Christology in the New Testament (Core Biblical Studies Series)
New Testament writers offer varied and persuasive pictures of Jesus that seek to draw people into faith. For David Bartlett, New Testament Christology is "not so much a set of doctrines as a variety of stories, songs and scriptural...
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New Testament writers offer varied and persuasive pictures of Jesus that seek to draw people into faith.
For David Bartlett, New Testament Christology is "not so much a set of doctrines as a variety of stories, songs and scriptural interpretations that help Christian believers and Christian churches follow the Jesus they read about, hear about, and praise." Early Christians framed and told stories, shared teachings, testified to encounters, found solutions to problems, acted out in faith and love, and sang songs about and to Jesus Christ- the resurrected one who represents and shares God's very self to repair and redeem a broken world.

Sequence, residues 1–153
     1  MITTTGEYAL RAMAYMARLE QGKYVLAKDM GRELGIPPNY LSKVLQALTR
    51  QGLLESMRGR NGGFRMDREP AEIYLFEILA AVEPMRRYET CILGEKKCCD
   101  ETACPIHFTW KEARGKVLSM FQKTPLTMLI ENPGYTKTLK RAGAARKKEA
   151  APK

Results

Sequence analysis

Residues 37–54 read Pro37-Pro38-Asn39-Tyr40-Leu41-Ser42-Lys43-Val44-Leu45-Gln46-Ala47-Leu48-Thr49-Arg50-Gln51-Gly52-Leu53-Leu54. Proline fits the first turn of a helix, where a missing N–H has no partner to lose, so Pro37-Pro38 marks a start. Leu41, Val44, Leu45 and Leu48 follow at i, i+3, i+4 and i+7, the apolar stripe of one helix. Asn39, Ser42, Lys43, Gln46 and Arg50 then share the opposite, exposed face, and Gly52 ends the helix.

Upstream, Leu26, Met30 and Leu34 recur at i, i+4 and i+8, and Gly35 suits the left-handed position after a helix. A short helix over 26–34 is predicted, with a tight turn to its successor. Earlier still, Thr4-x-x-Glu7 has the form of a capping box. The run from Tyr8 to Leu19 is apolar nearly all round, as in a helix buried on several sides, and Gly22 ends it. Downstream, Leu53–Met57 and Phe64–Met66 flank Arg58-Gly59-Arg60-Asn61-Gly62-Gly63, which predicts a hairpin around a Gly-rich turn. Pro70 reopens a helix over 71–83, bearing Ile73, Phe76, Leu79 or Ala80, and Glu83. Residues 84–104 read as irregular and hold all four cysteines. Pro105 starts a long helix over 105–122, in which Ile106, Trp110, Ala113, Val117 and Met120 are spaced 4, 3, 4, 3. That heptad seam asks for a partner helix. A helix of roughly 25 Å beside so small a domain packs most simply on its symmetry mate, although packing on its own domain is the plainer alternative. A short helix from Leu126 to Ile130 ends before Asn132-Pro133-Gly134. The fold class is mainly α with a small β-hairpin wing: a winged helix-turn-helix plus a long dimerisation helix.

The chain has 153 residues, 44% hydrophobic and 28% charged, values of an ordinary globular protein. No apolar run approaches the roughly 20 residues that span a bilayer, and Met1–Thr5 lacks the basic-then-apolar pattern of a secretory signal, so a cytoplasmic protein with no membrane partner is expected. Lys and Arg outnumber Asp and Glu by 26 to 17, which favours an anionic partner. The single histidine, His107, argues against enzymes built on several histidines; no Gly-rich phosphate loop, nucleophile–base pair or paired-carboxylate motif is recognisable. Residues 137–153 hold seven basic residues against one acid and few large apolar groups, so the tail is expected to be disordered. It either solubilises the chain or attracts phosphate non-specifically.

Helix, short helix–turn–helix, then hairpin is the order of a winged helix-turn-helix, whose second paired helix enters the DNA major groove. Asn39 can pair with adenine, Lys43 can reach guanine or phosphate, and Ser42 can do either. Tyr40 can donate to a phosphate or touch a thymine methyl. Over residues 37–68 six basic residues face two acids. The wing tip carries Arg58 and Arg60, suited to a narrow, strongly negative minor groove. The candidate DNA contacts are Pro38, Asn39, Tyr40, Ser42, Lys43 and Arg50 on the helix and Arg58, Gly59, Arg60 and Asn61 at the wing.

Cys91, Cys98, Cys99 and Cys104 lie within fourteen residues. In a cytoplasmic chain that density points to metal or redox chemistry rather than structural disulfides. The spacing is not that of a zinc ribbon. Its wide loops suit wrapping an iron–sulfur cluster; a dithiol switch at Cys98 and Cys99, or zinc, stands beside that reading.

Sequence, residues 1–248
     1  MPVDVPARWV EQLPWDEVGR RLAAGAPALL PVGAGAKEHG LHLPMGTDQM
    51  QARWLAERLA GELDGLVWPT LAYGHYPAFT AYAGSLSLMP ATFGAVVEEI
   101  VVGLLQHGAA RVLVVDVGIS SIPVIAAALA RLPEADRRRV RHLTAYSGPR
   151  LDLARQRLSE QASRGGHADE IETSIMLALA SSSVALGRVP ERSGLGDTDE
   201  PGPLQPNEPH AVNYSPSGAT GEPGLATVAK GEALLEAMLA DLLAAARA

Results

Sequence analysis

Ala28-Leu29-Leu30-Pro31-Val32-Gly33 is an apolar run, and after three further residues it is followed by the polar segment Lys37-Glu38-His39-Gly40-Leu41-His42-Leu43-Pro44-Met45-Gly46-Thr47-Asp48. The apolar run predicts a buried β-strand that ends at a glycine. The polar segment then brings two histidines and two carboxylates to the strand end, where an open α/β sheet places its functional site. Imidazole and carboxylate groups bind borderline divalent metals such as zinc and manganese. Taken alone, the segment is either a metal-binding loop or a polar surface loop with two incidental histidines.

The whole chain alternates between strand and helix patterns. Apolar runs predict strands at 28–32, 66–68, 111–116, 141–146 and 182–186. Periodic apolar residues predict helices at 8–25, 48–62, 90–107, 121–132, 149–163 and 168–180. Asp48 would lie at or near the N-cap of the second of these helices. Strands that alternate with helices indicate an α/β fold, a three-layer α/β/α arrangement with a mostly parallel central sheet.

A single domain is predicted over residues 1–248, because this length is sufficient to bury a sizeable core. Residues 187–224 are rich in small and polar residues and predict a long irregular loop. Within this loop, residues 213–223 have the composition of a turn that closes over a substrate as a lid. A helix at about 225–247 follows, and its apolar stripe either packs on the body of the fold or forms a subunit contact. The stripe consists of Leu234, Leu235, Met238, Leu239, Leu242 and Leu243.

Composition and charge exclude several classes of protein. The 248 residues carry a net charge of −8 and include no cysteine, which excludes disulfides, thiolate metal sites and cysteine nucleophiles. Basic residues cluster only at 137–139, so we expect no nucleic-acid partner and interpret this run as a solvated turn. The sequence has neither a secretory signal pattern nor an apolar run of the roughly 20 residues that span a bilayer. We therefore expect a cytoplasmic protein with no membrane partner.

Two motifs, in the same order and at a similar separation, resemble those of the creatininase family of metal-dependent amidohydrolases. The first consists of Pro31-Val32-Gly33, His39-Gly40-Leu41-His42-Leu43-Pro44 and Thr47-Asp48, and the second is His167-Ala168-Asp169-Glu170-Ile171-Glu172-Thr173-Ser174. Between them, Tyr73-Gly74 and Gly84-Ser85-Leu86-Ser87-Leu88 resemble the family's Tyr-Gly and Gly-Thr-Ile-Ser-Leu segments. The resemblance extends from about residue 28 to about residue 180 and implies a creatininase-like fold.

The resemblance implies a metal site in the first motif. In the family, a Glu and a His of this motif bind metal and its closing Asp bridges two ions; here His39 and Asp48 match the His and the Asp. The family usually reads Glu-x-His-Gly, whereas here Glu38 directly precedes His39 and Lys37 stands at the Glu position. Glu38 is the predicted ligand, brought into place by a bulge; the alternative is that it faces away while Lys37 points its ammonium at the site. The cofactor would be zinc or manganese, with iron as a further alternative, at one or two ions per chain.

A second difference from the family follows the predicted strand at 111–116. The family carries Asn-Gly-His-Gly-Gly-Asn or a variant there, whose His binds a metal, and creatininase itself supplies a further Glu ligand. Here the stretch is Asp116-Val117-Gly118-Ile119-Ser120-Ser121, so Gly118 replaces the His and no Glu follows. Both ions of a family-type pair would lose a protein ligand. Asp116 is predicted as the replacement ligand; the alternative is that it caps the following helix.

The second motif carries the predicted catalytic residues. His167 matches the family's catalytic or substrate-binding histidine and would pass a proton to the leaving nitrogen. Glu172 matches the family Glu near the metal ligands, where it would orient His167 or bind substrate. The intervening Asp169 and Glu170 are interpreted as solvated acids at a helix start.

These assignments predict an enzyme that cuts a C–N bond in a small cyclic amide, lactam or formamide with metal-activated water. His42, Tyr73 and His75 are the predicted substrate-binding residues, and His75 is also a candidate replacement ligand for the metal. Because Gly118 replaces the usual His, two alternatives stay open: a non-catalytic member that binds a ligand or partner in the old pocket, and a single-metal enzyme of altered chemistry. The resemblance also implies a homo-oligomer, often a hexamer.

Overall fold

Baptized by John the Baptist. Embarrassingly crucified. Teacher and interpreter of Torah. Reformer. Messiah. Proclaimer and agent of a new Kingdom era. Lord above and beyond Caesar's empire. And most of all, a suffering, resurrected savior addressed through poetry, songs, stories, titles, and ongoing encounters with the community gathered by and in his name. Bartlett takes readers on a quick look journey through the New Testament writers' understanding of Jesus and his saving significance. In the process, he reminds Christians and those who would understand their founding documents that these differing, context-dependent portraits of Jesus are vehicles of a practical, living faith. They don't just say something, they do something, revealing an underlying conviction: somehow God was in Jesus Christ reconciling the world to God's very self (2 Corinthians 5:19).